If that happens, then look for freshman Julien Obioha to lose his redshirt and move into the two deep.
Robinson is the backup at nose guard behind Jonathan Mathis. Robinson is an active defensive tackle, but his main issue is his lack of size. Robinson is 6'3" but is listed at 265 lbs. In reality he may weigh less than that.
A 265-lb. nose tackle is much too small for the SEC. He can be a situational pass rusher,3 but you will not stand up against an SEC offensive line at that weight on a consistent basis.
In an ideal world, Robinson would play defensive end. He is simply too small to play on the interior. Expect Robinson to split time at nose guard with Alonzo Williams.
If the Aggies are forced to start Robinson at nose guard because Mathis gets injured, then it will not bode well for the season.
Hatten could be the answer to the Aggies' prayers on the interior defensive line. At 6'4" and 295 lbs., Hatten has the size to stand up to SEC offensive linemen.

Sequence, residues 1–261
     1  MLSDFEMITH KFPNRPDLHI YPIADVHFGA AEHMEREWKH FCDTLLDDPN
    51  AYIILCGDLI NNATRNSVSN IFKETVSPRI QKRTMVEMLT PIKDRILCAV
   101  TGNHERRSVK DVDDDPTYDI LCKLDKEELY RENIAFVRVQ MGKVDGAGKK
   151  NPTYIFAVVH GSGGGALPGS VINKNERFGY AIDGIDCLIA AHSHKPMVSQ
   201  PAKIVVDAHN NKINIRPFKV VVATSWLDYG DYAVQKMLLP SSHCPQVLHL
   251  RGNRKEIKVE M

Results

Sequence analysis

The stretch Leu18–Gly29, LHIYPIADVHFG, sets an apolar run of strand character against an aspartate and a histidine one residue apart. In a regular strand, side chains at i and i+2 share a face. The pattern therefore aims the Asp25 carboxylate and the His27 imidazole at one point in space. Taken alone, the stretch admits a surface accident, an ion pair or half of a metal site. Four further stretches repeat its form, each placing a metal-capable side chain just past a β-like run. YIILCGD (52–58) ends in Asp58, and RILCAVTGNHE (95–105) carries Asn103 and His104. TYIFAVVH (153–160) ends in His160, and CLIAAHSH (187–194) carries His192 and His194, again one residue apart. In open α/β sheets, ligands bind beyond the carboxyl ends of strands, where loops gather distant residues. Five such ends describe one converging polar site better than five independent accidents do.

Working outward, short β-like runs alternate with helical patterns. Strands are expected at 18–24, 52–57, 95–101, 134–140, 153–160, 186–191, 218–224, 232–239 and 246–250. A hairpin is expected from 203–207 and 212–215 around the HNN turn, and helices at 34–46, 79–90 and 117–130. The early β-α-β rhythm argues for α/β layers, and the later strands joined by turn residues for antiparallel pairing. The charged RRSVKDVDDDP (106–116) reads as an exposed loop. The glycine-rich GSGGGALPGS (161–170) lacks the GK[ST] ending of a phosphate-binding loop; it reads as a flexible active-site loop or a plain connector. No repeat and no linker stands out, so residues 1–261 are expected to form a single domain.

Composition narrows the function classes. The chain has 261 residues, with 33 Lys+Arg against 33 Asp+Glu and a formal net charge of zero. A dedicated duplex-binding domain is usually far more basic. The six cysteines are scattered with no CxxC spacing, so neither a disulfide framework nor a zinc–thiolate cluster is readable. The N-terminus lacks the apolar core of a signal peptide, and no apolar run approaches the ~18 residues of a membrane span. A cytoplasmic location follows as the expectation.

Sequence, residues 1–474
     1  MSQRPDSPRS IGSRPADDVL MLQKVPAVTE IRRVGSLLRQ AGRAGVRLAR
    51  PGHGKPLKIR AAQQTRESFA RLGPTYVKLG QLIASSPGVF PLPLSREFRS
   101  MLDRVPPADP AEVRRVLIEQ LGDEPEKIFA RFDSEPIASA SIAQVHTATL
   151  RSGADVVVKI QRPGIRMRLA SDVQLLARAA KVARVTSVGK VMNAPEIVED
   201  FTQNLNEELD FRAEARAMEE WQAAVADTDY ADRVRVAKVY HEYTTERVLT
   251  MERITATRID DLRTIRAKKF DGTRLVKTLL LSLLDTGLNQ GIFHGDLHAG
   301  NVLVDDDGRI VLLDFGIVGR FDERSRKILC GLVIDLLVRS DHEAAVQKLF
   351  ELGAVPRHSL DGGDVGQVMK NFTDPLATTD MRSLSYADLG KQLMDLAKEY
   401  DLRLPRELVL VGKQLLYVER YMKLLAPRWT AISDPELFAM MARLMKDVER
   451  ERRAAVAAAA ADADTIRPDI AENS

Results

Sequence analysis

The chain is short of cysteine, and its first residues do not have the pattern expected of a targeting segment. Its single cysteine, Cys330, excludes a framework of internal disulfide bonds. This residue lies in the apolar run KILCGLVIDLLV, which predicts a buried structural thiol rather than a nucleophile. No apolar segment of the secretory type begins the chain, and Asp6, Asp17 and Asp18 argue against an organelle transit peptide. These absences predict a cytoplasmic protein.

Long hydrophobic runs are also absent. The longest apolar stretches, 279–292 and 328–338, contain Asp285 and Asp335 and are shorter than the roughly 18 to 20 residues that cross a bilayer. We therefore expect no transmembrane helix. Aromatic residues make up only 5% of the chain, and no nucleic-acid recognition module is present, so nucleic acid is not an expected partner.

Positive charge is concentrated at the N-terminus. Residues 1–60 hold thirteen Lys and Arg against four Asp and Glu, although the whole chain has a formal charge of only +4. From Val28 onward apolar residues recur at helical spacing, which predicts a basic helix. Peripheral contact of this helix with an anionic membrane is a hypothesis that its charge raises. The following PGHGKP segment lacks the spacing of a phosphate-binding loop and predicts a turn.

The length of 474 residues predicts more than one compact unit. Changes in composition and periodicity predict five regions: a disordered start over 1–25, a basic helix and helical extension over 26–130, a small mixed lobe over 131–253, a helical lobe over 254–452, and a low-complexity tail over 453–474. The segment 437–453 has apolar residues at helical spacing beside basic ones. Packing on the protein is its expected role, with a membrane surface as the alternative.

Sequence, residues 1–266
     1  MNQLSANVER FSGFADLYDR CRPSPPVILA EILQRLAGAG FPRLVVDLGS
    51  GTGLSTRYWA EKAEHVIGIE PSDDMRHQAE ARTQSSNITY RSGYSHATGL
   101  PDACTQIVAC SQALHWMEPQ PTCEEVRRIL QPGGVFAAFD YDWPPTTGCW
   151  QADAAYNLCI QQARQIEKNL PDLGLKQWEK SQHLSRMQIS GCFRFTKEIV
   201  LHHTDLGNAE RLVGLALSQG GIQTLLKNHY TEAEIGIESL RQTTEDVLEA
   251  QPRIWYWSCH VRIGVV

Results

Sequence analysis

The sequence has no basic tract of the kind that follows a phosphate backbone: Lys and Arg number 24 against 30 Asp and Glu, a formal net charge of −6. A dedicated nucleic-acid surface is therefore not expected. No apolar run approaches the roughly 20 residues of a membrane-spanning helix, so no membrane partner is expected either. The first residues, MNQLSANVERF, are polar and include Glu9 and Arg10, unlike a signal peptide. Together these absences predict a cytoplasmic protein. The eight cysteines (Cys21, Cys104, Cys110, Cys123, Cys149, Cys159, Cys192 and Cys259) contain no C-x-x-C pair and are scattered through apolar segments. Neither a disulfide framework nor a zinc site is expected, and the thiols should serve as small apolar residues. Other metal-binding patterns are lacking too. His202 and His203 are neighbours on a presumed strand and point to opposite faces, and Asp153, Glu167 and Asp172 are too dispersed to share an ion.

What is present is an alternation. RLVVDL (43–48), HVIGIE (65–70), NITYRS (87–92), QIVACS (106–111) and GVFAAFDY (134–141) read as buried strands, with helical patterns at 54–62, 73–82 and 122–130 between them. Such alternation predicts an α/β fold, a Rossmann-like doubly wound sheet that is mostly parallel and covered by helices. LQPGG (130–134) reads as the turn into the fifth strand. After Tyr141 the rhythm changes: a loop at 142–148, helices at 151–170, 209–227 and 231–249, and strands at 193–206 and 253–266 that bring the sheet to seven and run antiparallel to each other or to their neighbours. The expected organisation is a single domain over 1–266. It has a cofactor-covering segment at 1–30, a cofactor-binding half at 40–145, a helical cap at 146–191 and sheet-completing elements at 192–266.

The issue with Hatten is that he has not put it all together on the field yet. He has the size and strength to play defensive tackle in the SEC. However, he has not yet displayed the ability to consistently hold up in the trenches.
Hatten is currently listed as the second-string defensive tackle behind Kirby Ennis. He was one of the top recruits in the state when the Aggies signed him in 2011. He redshirted last season and is entering his redshirt freshman season.
If he can give the Aggies anything on the defensive line in 2012, it would be a major plus for the team.
Kennedy is the second-string slot wide receiver behind Ryan Swope. In 2011 Kennedy caught 11 passes for 140 yards.
He proved adept at making clutch catches on third downs to extend drives.
With Swope sitting out the Aggies' scrimmage on Saturday, Kennedy led all receivers with eight receptions for 72 yards.
Only a sophomore, Kennedy should have a big year in Kliff Kingsbury's offense. He has reliable hands and good speed.
Aggie fans should expect Kennedy to haul in around 30 receptions in 2012 for 500 yards.